Attacks are Changing the Sport of Running

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By now, I’m sure most of you have heard the unfortunate news about the 25-year-old woman who was choked and strangled to the ground Saturday morning in Chicago. While her attacker is still yet to be found, the good news is the woman survived to tell her story, just left with minor injuries.

Others, though, have not been so lucky. Earlier in August, two women in New York and Massachusetts were also attacked while on their runs. Neither women from these unrelated incidents survived; one died on the scene, and the other died shortly after arriving at a hospital.

Before I go on, I want to take a moment to remember these women, who, like many on a daily basis, went out on an innocent run, and probably had simple plans to eat dinner or watch Netflix upon their return. Not only were their lives affected, but the lives of those around them were changed because one person felt the need to hurt a harmless person.

A similar situation happened when I was back at college in May. A path right by my old apartment, called Constitution Trail, was a very popular spot for runners, walkers and bikers at all times of the day – I would run there multiple times throughout the week, and never did I feel unsafe because it was usually very populated. However, an Illinois State University student went out for a walk one morning around 10 a.m., and was ambushed from behind, left with several bruises on her face.


Although the girl was able to recount a pretty specific description of her attacker, he was never found; many speculate that he was on the trail, doing something he wasn’t supposed to be, when the girl ran by, so he acted out of panic. Whatever the reason may be, these attacks need to stop.

Personally, I look forward to my runs each day; not only is it a designated time for me to relieve any stress I may have, but I also enjoy the time being alone and unattached from my phone, and I can really feel free. Since these attacks, though, my mindset on my runs has changed.

Unless I am running along streets the entire time, I feel on edge and paranoid; I am constantly thinking, “what if someone is behind that bush?” or “what would be the smartest exit if someone does try and attack me?” Obviously it’s good to be aware and have a plan, but having these thoughts clogs my head rather than clears it.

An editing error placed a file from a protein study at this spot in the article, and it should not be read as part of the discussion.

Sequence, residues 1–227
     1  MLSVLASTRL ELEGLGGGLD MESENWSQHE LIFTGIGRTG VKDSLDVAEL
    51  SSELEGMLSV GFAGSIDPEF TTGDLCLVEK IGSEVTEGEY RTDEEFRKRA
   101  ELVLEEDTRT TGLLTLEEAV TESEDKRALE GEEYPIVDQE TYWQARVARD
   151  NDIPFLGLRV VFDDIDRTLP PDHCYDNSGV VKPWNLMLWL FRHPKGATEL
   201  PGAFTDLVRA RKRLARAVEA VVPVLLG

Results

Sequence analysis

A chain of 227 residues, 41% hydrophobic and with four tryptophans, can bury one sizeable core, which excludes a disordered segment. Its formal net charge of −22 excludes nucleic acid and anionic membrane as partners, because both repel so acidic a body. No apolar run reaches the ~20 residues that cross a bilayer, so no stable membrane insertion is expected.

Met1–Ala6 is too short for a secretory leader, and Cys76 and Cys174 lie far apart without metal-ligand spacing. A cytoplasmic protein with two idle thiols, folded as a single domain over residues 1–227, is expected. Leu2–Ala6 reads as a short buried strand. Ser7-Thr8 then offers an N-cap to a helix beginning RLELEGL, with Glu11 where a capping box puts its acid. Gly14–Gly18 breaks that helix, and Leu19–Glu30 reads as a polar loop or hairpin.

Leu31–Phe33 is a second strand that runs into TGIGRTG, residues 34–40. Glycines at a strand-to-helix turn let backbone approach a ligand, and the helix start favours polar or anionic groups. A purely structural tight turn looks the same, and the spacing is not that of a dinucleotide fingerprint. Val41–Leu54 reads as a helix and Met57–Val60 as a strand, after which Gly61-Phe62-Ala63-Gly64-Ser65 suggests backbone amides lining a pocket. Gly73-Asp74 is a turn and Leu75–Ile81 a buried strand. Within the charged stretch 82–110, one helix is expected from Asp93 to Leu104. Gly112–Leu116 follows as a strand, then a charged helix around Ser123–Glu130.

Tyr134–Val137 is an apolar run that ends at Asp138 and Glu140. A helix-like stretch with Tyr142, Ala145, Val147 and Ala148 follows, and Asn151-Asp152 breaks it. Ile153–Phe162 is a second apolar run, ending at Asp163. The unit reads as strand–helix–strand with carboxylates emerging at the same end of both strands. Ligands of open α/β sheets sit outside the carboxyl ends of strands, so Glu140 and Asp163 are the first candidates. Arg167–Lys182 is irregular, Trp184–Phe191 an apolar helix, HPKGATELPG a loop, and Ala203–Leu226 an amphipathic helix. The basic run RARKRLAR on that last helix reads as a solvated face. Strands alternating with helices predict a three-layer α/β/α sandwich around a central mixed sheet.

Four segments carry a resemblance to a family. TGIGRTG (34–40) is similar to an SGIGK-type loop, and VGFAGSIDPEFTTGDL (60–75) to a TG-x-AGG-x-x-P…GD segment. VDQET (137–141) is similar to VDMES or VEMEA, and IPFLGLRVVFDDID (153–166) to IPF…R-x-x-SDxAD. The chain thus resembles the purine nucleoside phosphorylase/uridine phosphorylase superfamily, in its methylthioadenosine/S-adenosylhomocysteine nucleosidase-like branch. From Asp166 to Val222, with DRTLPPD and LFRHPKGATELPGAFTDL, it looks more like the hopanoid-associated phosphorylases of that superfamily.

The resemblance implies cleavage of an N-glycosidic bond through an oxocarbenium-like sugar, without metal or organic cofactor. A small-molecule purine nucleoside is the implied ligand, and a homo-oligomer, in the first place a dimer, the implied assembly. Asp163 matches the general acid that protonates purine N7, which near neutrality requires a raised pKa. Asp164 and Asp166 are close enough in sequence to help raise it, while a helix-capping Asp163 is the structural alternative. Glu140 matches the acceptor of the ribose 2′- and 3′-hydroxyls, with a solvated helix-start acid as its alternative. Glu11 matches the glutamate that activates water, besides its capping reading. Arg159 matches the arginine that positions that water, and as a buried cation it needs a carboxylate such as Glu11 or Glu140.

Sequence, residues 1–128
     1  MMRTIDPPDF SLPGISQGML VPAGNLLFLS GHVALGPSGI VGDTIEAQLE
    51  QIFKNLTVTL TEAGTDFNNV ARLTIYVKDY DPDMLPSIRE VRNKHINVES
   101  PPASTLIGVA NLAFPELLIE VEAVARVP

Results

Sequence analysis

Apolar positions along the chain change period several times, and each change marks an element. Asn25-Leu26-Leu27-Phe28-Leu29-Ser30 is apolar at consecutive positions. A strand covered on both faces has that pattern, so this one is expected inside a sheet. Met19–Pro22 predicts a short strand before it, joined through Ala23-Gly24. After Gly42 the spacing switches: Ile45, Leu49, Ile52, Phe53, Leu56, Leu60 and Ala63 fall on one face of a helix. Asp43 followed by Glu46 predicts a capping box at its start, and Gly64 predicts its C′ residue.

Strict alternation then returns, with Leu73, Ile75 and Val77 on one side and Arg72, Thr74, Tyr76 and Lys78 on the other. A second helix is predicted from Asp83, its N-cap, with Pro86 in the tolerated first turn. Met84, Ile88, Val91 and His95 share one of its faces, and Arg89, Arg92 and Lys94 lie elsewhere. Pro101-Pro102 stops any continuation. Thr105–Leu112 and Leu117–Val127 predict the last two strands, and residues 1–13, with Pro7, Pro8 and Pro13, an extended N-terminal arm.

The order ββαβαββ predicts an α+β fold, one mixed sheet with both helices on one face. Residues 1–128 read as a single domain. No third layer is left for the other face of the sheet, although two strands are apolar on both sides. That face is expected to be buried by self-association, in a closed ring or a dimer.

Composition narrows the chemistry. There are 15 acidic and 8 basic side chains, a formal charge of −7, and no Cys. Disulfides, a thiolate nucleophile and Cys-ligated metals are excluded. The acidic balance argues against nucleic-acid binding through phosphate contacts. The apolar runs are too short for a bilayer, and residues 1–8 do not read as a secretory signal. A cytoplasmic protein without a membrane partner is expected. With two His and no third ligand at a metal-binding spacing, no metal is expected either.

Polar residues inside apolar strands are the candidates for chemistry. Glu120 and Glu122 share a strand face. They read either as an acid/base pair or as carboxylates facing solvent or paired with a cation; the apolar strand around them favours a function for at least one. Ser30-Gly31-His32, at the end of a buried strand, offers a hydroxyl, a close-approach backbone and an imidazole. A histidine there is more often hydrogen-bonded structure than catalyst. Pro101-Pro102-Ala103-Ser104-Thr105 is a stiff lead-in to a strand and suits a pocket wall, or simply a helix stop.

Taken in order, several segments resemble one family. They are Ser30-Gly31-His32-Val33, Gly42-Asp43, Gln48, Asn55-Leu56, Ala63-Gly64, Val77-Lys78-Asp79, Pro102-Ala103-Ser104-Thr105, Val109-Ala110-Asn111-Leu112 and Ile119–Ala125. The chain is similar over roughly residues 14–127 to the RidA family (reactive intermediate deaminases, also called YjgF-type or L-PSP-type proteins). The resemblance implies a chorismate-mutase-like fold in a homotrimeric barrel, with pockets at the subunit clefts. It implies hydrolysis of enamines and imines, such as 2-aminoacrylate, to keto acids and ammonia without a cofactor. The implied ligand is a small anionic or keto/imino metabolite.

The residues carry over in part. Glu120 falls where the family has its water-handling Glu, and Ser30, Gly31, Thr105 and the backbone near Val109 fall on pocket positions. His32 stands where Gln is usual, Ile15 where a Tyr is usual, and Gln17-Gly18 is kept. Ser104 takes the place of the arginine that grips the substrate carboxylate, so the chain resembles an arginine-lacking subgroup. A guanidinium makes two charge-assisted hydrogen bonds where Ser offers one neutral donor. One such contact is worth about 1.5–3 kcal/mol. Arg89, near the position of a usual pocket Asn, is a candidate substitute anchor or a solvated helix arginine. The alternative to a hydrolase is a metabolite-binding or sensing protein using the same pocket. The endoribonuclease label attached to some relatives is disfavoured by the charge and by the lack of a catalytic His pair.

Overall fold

In the last few years, the news has been filled with events of gun violence and other attacks, that cause a general increase of paranoia among U.S. citizens; police departments across the country are now forced to implement the “buddy system” due to the amount of police brutality happening recently, and there has been several other changes due to negative events. But you’d think people just trying to get some exercise would not be required to take extra precaution.

After Saturday’s attack, Fleet Feet Sports Chicago released safety tips for runners to follow. While helpful, many of them were already well-known among runners; “don’t run alone,” “don’t wear headphones” and “be visible in low light situations” are among the suggestions. While ideally, runners would follow all of these tips and be safe, it’s not realistic.

As I mentioned above, I look forward to my runs because it’s my chance to be alone and just think – while I do enjoy running with a buddy sometimes, it’s also nice to have that alone time. And running without music? Do people actually do that? I know I can’t. I will continue to have my phone on me when I run, and I may invest in a can of pepper spray, but there’s only so much to be done.

While this may just be me being stubborn and set in my running-ways, I think it’s more of me being upset that these attacks are changing the sport of running. Never have I heard of so many people (and unfortunately mostly females) being at risk from just going for a run. Especially in Chicago – while the woman from Saturday’s attack was running early in the morning, you’d think that Chicago is so crowded, and you’re always safe. And most people probably feel the same way about their neighborhoods, too.

Unfortunately, I don’t know what the solution is here – people can continue to provide safety tips, and runners can become more consciousness of where, when and how they run. But really, it seems that the theme of all these attacks is that innocent people were at the wrong place at the wrong time, and it’s not fair.

There has to be some reason that runners are targeted; maybe because we’re vulnerable when running, as we’re tired and not 100 percent aware of our surroundings. But until that reason is discovered, and these attacks stop, I just pray that those in my running circle remain smart and safe on their runs.

If you haven’t read Fleet Feet’s safety tips yet, you seriously should, and let’s all stick together, as runners, to prevent this from happening again.

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